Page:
Many people are aware of human trafficking because of various announcements they see in the press. Few however realize the magnitude of this problem and the fact that it can happen to them. To evaluate what young people know about human trafficking, the Ivano-Frankivs’k Caritas conducted a survey among 22 9-11th grade students from the Regional Orphanage-School and 64 students from the Orphanage-Lyceum for the Gifted from rural areas at the beginning of April.
Analyzing the responses of upper class men from the Uhornyts’kyy Orphanage, who will reach the age of maturity and leave the orphanage in the upcoming days, we realized that most of them are unaware of the danger and risks of human trafficking. Most of the children heard of the phenomenon, but feel that it is an issue that doesn’t touch their lives. They believe that it is a problem that previous generations faced in other countries.
Students named money, alcohol, recreational drugs, gambling, prostitution, debt, unemployment and forced marriages principal reasons for human trafficking; only one person cited ignorance of the law as a reason. 10 respondents couldn’t answer the question at all.
The International Organization for Migration (IOM) confirms that in the 20 years since Ukraine gained independence, over 110,000 citizens have suffered from human trafficking; the majority of the victims are from the Eastern part of the country. Other researchers published data stating that since 1991, up to half a million Ukrainian citizens were sold abroad. The Organization for Security and Co-operation in Europe (OSCE) reports that over 30,000 people become victims of domestic human trafficking annually.
Answers given to the question “How does a person become a victim of human traffickers?” were alarming. Only a minority of respondents could identify situations that could lead to individuals falling victim to human trafficking. Once in the hands of traffickers, men and women are forced into prostitution, forced labour or bondage. 12 students couldn’t answer this question. 12 of 22 children know that a visa gives a person permission to travel abroad and that Ukrainian citizens apply for visas at Embassies and Consulates of destination countries that are located in Ukraine; the rest believe that visas can be obtained at Ukraine’s Ministry of Internal Affairs.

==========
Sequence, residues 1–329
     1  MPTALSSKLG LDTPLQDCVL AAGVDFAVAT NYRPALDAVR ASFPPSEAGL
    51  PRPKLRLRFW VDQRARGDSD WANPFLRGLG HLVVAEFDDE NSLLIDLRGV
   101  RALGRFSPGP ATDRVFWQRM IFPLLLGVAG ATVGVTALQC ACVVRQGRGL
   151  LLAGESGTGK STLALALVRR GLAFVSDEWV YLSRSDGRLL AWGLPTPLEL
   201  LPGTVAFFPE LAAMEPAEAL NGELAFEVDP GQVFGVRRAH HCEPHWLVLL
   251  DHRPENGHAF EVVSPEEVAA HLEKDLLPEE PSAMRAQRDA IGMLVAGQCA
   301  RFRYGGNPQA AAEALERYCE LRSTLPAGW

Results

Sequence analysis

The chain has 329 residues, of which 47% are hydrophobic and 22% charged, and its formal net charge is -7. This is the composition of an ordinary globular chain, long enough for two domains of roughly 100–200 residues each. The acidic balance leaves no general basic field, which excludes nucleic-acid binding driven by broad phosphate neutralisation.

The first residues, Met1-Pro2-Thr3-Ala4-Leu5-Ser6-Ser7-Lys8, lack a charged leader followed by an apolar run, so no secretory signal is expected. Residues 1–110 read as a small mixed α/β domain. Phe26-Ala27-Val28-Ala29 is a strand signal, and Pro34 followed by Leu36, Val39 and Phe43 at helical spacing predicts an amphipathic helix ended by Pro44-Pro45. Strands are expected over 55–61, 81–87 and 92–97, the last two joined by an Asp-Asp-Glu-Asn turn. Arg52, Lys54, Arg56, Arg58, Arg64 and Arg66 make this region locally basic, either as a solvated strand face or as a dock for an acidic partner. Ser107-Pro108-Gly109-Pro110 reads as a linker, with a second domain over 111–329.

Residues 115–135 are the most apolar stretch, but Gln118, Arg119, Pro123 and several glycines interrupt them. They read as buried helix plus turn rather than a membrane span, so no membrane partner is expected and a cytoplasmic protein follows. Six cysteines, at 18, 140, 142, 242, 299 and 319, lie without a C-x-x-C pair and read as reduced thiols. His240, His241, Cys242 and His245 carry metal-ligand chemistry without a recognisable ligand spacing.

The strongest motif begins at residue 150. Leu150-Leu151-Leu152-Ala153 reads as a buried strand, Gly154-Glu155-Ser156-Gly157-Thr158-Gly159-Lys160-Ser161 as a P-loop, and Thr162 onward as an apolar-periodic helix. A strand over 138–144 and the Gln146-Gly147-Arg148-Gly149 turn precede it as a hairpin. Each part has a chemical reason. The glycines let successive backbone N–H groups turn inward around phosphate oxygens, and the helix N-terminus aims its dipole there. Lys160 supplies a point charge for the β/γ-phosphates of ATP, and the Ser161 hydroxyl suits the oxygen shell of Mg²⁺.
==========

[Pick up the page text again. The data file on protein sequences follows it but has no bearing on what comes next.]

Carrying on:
Only one respondent felt that it was important for a work address to be included in an employment contract. In response to the question “What should be indicated in a work contract?” Two indicated that salary should be indicated and three felt that work conditions should be outlined; the remainder weren’t aware that an employment agreement or contract was needed for an individual to work abroad legally. 15 respondents couldn’t name a single document that might be needed in order to obtain a student visa; 4 answered that an international passport was needed and 3 indicated school transcripts. 15 children answered ‘I Don’t Know’ when asked what they should do before travelling abroad. This was alarming and demands action; only 4 respondents felt it was important to leave a contact address with family and only 2 felt it was important to have a copy of travel documents with them.
On 10 April, Caritas Ivano-Frankivs’k UGCC joined the youth theatre ART-ACT to hold an informational event they called Say Stop to Human Trafficking. This was part of the We Have the Right to Know More project which was launched thanks to financial support from the Embassy of the USA and the IOM in Ukraine.
Interactive exercises and presentations and the airing of The Dangerous Game were used by Caritas’ social workers to teach of the dangers and risks of human trafficking in an understandable way. They also helped children find answers to the question “What to do to avoid falling victim of human trafficking?”
Nataliya Kozakevych, Executive Director of the Ivano-Frankivs’k Caritas explains: “Role playing games were particularly effective and interesting for the participants. During the role playing games they had to find ways out of probable risky situations. The social theatre was also a good way to relay information.
A section from Harriet Beecher Stowe’s Uncle Tom’s Cabin was played out by the ART—ACT youth theatre. It demonstrated the urgency of human trafficking. At the same time we were able to convince these young people that their safety depends exclusively on them!”